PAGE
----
Rounding out the cast is Netty Carey as “Eve.” Can’t have a ruthless show without an Eve, now, can you? She also appears earlier in the show as the hapless Louise Lerman, a classmate of Tina’s.

Pianist Erik Daniells is offstage, but keeps things rolling along.

Jarrod Bodensteiner is the set designer and he literally does double duty, as there are two completely different sets (not an easy thing to accomplish on the small Pollock stage). There is a longer-than-normal intermission to allow for the changing of the set.

Laun keeps the madcap tale moving at a brisk pace, and sorting out all the plot twists is just part of the fun.

Tuesday, January 10, 2012


Stop what you’re doing right now and call for tickets to the Davis Musical Theatre Company’s amazing new production of Kander & Ebb’s Tony Award-winning “Chicago.”

This is one of the best DMTC productions I’ve seen in a long time. It’s full of murder, greed, corruption, violence, sex, exploitation, adultery and treachery all glitzed up with so much razzle and dazzle that you’ll be cheering at the end of the first number, and consistently throughout the show.

“Chicago” points the finger at this country’s perennial fascination with bad boys (and girls) and our raising them to near cult status, as we salivate over every gory detail, the more salacious the better. Think Bonnie and Clyde, Al Capone, O.J. Simpson, the Kardashians.

This musical is based on actual events during the 1920s, when reporter Maurine Dallas Watkins reported on the trial of a young woman (Beaulah Annan, “the prettiest murderess”) who killed her boyfriend and then called her husband to tell him, as a popular fox trot record played in the background. As Beaulah sat awaiting trial, she announced that she was pregnant, prompting the headline, “Beaulah Annan Awaits Stork, Murder Trial.”

Years later, William Wellman turned the story into a satirical movie called “Roxie Hart,” starring Ginger Rogers, in which the heroine, to kick-start her show business career, confesses to a Chicago murder. Funny man Phil Silvers played her lawyer.

This movie was the inspiration for choreographer Bob Fosse’s collaboration with Kander and Ebb to produce “Chicago, the Musical,” which opened on Broadway in 1975, with Gwen Verdon and Chita Rivera as the two jailbirds competing for publicity for their respective crimes.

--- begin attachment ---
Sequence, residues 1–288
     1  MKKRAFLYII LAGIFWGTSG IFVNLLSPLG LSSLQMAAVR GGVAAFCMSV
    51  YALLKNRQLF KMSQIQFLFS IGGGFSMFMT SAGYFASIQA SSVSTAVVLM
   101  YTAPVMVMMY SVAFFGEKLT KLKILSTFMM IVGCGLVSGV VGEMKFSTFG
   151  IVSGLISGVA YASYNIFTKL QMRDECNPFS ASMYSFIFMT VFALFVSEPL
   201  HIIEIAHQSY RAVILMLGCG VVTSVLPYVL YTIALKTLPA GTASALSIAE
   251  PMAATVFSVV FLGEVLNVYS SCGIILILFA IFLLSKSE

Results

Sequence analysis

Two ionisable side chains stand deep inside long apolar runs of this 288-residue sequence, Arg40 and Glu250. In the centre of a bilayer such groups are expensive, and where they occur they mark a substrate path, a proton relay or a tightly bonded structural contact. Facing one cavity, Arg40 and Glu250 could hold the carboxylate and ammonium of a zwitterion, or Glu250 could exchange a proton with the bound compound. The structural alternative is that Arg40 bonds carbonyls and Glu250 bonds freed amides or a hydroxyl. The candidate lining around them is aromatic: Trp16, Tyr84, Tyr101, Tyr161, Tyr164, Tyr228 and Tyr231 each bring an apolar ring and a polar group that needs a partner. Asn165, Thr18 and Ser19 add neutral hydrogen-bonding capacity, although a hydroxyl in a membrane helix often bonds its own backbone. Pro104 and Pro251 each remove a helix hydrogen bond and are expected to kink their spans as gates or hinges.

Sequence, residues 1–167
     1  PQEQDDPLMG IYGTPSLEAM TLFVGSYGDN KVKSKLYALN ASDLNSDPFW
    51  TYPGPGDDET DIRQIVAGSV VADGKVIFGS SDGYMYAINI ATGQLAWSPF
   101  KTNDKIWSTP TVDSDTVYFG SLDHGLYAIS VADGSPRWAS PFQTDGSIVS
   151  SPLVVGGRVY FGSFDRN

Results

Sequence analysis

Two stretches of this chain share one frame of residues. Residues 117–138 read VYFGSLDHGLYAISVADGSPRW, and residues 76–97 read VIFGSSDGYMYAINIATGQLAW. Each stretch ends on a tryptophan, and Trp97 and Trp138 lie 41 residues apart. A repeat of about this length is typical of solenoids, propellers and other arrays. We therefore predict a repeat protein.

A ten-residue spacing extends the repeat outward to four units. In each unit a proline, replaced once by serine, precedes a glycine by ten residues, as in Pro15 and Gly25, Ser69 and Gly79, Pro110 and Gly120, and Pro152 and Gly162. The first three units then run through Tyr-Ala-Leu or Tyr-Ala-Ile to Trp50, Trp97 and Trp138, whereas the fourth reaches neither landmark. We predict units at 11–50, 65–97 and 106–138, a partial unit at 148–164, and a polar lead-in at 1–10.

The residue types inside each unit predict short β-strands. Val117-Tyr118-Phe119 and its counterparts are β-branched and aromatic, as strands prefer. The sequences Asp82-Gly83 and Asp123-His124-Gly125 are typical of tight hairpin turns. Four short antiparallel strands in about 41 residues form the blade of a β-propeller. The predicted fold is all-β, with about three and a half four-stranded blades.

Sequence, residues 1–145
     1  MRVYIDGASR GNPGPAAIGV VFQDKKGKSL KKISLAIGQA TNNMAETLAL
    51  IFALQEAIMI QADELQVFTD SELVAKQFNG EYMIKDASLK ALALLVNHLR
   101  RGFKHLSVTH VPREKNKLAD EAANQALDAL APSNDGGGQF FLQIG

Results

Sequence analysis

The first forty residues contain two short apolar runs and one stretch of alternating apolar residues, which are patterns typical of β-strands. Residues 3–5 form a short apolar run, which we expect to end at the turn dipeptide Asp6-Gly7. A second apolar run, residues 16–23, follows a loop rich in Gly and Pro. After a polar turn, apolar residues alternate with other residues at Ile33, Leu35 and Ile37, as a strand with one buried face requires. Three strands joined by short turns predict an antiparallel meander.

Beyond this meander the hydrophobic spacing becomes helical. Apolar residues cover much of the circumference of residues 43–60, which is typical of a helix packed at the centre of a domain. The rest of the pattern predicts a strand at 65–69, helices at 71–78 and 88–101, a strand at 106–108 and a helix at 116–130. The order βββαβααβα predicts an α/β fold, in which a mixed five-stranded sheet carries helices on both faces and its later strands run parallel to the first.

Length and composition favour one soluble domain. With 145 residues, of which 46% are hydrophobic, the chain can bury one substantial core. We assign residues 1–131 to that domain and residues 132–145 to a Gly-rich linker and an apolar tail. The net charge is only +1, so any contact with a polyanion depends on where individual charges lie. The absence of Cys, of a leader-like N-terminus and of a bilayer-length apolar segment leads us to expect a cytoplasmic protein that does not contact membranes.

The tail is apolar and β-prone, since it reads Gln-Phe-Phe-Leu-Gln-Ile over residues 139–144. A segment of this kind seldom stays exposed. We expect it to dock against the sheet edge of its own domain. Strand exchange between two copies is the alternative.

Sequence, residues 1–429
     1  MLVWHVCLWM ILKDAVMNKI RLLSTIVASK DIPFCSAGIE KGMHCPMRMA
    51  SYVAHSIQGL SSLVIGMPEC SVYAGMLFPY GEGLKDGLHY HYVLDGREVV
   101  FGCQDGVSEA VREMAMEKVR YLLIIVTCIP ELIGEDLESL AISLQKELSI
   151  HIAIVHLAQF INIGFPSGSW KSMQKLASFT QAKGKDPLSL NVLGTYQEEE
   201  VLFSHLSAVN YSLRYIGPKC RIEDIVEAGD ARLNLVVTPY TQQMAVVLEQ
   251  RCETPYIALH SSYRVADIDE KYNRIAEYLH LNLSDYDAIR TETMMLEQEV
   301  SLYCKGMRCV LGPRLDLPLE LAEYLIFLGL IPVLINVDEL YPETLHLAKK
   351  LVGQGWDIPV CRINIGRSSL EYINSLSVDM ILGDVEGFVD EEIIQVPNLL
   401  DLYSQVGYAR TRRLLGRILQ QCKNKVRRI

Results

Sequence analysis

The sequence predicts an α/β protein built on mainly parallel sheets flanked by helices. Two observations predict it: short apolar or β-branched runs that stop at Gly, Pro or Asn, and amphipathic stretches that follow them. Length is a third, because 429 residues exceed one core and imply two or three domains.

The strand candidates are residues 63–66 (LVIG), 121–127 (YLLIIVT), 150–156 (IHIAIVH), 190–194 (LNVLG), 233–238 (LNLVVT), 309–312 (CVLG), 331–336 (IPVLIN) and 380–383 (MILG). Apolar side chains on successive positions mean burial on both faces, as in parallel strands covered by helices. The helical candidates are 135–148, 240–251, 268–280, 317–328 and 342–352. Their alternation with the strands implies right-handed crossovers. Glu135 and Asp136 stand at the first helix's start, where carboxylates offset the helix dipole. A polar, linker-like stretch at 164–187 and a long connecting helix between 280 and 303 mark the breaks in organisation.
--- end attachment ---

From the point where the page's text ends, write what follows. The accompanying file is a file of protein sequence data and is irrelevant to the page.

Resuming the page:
The show closed after a two-year run, unable to compete with “A Chorus Line,” but was brought back again in 1996, under the direction of Walter Bobbie with choreography by Ann Reinking (in the style of Bob Fosse). The revival won six Tony Awards, Drama Critics Circle Awards, Astaire Awards, Olivier Awards, Helpman Awards and a Grammy for best cast recording (among many other accolades).

The 2002 movie, starring Renée Zellweger and Catherine Zeta-Jones, won the Academy Award for best picture.

And now we have it right in our own back yard, with a sparkling production directed by John Ewing, choreographed by Pamela Lourentzos, and featuring a stellar cast — each one as good or better as the last one.

Amber Jean Moore is outstanding as Roxie Hart, a housewife with stars in her eyes, who shoots her lover and then tries to use her crime to launch a show-biz career.

Roxie’s crime steals the headlines from Velma Kelly (Jennie Ribadeneira), a once popular singer/dancer, now also languishing in prison for shooting her multi-married lover. Her exciting “All That Jazz” was the show’s opener and set the tone nicely for the rest of the show.

Tony Ruiz is marvelous as the smooth, charming, yet slick lawyer, Billy Flynn, who knows how to work the press and, for a price, make his clients such sympathetic figures that no jury would convict them. Billy’s “All I Care About,” performed with several chorus girls armed with fans that would do credit to Sally Rand, is a knock-out.

A ventriloquist number, “We Both Reached for the Gun” — with Roxie in Billy’s lap as he literally puts words into her mouth — is outstanding.

Andrea Eve Thorpe is by no means the large matron we associate with previous actresses playing the role of Matron “Mama” Morton, but instead of heft, Thorpe achieves her dominance with strength and a cold, forbidding wardrobe and severe hair style. The effect works well for her.

Amos Hart is Roxie’s all-but-forgotten husband, played beautifully by Dan Masden. There is a lot of heart in this Hart and his “Mr. Cellophane” was very moving, as he describes what it’s like to be invisible to the people in his life.

Jacob Montoya deserves applause for his role as the Master of Ceremonies. When Montoya mixed with dancers Michael Cesar, Elio Gutierrez and Randy Noriega, it was a sight to behold.